Antiseptic ointment is a medicine that helps prevent infections or possibly fight them, and is prepared in an oil base. The term ointment is often used more loosely, and it’s possible to find creams or liquid solutions labeled as ointments. Antiseptic means infection-preventing, and it’s an general term with subtypes. Antibacterial ointments may not only prevent but also help cure ongoing skin infections. Generally, if antiseptic is used, it means the germ-killing agent can destroy surface bacteria, such as on the skin, but won’t cure infections.
There are many different types of antiseptic ointment that are widely available in over the counter preparations. A number of them include traditional germ killers like alcohol, hydrogen peroxide or witch hazel. Most average generic drug store ointments have these as primary ingredients. Other products like iodine or povidone-iodine (betadine) are available too. People can also get some more naturally based antiseptic ointment preparations, including those that contain ingredients like manuka honey, tea tree oil or other ingredients.
Those seeking antibacterial ointments specifically often find products like triple antibiotic ointment. These can contain bacteria fighting ingredients, which might treat minor infections. The most common antibacterial ingredients are neomycin, bacitracin and polymyxin. Sometimes ointments are sold that have only one of these antibiotics, and stronger antibiotic preparations may be available by prescription.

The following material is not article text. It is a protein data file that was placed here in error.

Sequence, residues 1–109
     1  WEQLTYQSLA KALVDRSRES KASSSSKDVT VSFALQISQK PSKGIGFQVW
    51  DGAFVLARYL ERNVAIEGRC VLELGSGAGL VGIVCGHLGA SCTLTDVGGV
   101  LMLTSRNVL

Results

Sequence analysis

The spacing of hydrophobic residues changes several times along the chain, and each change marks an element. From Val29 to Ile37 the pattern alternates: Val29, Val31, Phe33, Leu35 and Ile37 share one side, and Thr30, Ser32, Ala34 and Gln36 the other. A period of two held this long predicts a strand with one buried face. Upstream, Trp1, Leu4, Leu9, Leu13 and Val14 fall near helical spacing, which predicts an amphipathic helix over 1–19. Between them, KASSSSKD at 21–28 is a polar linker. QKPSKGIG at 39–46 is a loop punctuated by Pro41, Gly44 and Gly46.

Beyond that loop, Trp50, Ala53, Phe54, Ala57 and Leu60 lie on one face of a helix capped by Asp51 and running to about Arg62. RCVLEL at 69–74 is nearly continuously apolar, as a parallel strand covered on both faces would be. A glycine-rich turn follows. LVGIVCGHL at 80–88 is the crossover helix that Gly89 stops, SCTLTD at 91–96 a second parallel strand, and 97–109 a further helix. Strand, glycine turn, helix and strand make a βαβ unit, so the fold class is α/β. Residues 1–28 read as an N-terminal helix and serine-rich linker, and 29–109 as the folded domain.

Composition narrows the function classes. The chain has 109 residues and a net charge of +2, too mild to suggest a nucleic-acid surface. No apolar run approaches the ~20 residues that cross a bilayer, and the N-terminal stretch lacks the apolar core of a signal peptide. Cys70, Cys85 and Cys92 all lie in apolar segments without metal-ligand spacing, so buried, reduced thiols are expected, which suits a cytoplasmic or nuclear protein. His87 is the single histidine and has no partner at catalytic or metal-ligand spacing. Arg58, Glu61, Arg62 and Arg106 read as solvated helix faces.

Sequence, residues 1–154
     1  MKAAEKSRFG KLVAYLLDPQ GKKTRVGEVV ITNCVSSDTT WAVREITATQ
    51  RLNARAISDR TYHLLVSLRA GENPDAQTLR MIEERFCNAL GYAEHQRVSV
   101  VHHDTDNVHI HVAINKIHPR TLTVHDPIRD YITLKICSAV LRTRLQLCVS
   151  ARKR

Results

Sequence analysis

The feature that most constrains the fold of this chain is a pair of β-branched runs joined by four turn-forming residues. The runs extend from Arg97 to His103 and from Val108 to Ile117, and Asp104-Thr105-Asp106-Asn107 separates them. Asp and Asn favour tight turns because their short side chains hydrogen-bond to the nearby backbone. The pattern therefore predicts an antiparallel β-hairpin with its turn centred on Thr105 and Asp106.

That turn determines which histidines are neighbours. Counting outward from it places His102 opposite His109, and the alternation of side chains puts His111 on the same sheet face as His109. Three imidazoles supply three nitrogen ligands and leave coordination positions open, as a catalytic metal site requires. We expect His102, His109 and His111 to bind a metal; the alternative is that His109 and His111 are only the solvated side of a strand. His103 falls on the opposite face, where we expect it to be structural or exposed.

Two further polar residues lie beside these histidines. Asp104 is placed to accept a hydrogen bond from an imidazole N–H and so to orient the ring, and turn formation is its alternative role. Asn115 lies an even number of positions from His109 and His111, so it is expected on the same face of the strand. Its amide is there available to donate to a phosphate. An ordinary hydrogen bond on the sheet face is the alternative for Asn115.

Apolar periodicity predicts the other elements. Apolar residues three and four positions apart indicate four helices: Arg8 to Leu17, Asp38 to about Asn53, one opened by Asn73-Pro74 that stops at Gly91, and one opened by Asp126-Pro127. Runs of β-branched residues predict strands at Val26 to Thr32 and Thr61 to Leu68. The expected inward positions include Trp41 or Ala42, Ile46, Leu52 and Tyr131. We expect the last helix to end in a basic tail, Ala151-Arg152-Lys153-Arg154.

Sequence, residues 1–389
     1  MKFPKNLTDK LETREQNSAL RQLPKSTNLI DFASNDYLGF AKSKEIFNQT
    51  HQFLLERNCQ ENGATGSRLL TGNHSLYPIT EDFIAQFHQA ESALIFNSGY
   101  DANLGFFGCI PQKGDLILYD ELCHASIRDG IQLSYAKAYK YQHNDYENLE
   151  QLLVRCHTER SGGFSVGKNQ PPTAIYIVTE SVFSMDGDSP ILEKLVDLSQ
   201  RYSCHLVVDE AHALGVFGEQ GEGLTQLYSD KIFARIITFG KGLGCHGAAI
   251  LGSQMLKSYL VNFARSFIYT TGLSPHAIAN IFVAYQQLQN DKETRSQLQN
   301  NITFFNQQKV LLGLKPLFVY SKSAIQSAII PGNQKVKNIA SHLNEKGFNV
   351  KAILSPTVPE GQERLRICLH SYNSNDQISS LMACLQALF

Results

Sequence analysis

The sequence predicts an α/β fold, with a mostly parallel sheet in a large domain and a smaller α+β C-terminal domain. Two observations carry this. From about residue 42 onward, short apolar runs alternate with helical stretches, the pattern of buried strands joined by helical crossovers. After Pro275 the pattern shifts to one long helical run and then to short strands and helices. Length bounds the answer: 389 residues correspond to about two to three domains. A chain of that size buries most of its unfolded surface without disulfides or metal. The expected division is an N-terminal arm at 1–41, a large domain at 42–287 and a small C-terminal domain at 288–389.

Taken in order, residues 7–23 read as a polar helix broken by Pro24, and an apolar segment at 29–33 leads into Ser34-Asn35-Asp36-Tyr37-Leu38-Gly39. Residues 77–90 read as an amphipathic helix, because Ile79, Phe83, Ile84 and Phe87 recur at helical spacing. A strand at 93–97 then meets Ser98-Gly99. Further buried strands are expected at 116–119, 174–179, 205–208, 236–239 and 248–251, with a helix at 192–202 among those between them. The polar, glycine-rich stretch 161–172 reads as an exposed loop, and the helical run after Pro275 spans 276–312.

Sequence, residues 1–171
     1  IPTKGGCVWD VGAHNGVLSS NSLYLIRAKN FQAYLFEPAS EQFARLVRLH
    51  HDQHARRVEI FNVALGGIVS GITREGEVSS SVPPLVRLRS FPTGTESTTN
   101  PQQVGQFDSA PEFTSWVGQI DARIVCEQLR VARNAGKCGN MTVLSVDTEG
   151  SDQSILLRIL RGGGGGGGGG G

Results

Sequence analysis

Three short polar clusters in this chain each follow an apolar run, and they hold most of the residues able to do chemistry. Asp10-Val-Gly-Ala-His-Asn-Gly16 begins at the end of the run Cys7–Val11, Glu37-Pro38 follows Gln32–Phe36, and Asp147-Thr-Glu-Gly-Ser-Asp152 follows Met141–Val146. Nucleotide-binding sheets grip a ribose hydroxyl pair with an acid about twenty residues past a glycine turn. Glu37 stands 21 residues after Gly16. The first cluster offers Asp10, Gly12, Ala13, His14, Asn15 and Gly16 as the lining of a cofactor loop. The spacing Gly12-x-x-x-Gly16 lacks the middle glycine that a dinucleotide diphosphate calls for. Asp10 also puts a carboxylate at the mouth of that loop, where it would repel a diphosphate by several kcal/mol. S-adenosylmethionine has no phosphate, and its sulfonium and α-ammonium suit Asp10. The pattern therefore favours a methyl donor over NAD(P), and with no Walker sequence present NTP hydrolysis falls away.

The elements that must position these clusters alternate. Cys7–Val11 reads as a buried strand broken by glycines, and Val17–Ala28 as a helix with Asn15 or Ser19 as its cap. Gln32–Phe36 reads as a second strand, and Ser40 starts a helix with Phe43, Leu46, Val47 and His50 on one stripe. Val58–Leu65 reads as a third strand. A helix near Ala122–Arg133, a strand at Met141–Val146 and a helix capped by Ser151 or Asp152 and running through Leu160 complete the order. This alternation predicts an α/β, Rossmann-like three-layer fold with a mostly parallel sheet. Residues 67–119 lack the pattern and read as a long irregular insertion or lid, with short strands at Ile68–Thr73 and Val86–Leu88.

It’s important to know when it's appropriate to use an antiseptic ointment. Most often, people will apply these after receiving small cuts, minor burns, insect bites, or scrapes. The ointment can continue to be reapplied for several days, and some of them have additional properties that make them useful, like acting as minor pain or itch relief. Sometimes, antibacterial ointments are used for longer periods of time under the guidance of a physician.
An antiseptic ointment isn’t appropriate in all circumstances until a doctor’s guidance is sought. Animal bites, large cuts, cuts that won’t stop bleeding, insect bites that cause allergic reactions, or burns that blister may need medical care first. It’s also inappropriate to use an antiseptic oinment if an infection is already occurring. Skin infections can easily become blood infections, and even antibacterial ointments may not adequately address this. Signs of heating of the wound, pus, a wound that keeps reopening, red streaks from the wound, swollen lymph nodes, fever, or flulike symptoms need medical attention.
In the best of circumstances, home use of the antiseptic ointment occurs to immediately address the small injuries to which all people are subject. Hospital use may be more extensive; products like betadine are routinely used prior to surgery to kill surface bacteria and prevent wound infection. Most health professionals suggest people have one or more of these ointments on hand, but that they use them appropriately and seek prompt medical help when injuries are not minor.